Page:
- What are the keywords?
- Is this going on our site, an article directory or a guest blog?
- Who is going to read this?
- What need is this article going to address?
- How important is this article to the reader?
- How are readers going to find the article?
- What do I want them to do after they read?
The Internet is based on content, whether that content is video, image or writing. When anyone does a search, the first results will be what the search engines consider to be most relevant to the search term. This is where the answers to your questions come in handy.
- Knowing the keywords gives you a topical outline. For instance, if your main site keyword is “copywriting”, you know your main topic should also be about copywriting.
- Your target audience may change, depending on where you’re posting the content. For instance, information on golf courses may bring more traffic from a relevant guest blog than from an article directory.
- Answering this question is easy once you know where you’re posting. This is your target audience.
- Knowing this answer gives you a better focus for your article. Generally, people search for a term because a) they want to buy, b) they want to learn or c) they want to compare. So which need are you going to address?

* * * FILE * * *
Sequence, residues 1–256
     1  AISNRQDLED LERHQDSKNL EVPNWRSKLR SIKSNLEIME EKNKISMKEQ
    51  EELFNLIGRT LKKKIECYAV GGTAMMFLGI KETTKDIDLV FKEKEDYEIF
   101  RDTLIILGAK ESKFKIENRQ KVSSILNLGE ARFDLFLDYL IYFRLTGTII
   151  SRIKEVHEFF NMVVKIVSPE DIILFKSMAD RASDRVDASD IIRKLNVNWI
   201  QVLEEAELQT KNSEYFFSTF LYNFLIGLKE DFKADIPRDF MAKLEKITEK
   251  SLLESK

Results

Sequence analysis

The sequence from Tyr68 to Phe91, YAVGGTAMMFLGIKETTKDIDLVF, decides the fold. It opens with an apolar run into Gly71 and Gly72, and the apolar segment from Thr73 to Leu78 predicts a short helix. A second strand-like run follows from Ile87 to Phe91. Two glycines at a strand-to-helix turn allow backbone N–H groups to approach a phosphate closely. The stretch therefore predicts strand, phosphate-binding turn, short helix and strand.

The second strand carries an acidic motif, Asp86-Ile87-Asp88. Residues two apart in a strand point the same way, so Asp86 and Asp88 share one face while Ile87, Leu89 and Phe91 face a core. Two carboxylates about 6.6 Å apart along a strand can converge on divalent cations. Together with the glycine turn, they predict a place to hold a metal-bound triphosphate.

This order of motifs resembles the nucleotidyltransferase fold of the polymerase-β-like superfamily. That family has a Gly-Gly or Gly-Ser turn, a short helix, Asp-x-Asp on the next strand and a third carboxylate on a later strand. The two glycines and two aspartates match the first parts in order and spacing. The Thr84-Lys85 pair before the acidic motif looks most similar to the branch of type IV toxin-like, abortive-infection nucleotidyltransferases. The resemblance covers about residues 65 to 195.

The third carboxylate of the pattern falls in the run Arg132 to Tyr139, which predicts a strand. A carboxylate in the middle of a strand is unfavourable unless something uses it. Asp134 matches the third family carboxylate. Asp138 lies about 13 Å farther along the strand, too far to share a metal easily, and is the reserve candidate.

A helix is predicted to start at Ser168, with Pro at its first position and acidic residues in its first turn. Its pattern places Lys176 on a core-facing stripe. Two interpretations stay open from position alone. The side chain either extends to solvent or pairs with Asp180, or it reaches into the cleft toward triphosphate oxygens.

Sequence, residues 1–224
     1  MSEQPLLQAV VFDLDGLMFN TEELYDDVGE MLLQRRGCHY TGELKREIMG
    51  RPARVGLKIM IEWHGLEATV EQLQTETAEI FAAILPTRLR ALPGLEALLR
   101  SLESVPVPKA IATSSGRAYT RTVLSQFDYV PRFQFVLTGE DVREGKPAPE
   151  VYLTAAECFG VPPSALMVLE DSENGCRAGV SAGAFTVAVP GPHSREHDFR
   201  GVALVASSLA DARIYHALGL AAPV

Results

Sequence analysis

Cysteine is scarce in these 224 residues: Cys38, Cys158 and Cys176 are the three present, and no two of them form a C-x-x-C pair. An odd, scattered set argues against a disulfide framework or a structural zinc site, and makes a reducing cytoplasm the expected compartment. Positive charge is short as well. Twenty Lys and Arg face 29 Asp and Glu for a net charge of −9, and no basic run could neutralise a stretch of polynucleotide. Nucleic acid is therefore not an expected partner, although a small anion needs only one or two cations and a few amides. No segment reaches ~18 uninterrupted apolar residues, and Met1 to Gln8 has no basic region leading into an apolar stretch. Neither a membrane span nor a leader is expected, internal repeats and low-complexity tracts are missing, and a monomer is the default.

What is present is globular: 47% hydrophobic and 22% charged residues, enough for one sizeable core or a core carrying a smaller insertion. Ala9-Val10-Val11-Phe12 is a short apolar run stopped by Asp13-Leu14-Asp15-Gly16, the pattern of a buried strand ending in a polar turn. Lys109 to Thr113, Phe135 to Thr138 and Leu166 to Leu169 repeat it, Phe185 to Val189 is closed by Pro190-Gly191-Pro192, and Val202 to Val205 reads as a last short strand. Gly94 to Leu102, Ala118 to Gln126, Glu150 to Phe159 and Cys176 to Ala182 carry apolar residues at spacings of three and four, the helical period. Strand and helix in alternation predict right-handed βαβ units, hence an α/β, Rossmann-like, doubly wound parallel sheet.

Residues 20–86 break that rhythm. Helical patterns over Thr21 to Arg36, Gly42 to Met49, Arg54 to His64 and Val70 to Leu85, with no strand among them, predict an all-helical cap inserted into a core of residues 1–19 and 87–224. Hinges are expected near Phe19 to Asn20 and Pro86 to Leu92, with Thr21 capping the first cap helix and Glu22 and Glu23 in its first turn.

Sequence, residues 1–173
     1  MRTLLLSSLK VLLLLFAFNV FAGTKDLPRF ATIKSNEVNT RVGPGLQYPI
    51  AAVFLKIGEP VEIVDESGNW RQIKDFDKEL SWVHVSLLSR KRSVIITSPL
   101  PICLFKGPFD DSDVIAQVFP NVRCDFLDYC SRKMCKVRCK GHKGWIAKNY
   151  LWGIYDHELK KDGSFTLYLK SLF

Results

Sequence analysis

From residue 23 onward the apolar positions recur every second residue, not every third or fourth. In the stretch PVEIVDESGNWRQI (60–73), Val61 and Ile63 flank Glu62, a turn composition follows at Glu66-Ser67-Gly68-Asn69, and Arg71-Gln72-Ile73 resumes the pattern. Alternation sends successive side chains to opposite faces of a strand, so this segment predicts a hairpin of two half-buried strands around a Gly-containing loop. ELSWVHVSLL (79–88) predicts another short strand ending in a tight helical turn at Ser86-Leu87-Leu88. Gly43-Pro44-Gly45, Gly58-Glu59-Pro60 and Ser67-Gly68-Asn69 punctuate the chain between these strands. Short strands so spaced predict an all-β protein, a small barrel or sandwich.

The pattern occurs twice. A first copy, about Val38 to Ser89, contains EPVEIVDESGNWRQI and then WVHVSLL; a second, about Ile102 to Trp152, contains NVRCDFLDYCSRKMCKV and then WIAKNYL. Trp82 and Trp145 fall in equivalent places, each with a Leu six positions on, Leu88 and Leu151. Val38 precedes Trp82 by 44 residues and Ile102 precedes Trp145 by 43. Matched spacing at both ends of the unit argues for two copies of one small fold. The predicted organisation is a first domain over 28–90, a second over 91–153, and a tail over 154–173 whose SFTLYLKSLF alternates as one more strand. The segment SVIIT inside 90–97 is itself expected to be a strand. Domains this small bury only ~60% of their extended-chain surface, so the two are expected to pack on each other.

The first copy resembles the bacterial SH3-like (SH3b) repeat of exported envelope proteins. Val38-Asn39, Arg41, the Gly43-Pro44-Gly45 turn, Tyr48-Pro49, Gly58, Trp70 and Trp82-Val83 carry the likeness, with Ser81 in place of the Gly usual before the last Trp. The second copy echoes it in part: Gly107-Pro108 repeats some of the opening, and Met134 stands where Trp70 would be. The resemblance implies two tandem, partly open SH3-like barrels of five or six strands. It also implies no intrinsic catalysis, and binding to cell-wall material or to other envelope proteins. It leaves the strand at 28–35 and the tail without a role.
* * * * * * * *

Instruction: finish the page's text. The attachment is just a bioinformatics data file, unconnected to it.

- Is the information in the article up-to-date industry news? Is it a product recall? Is it ten tips they can’t do without? Use the importance level to set the tone of the title.
- Pretend you’re the visitor. How did you get there? Through a search engine? Another blog? An article directory? Some link you placed on XYZ site three years ago? Where they come from has some relevance to whether they stay.
- If you know what you want them to do afterwards, it’s much easier to tell them in the content without being too direct. Guide them; don’t force them.
Use your keywords for the search engines.
You have your SEO plan, you have your keywords; what do you do with them? You use them to tell the search engines what your SEO content is about. You put them on the title tag, much like a chapter heading in a book. You use them in the description, summarizing the page. You use them in your web content, because, darnit, that’s what the page is about.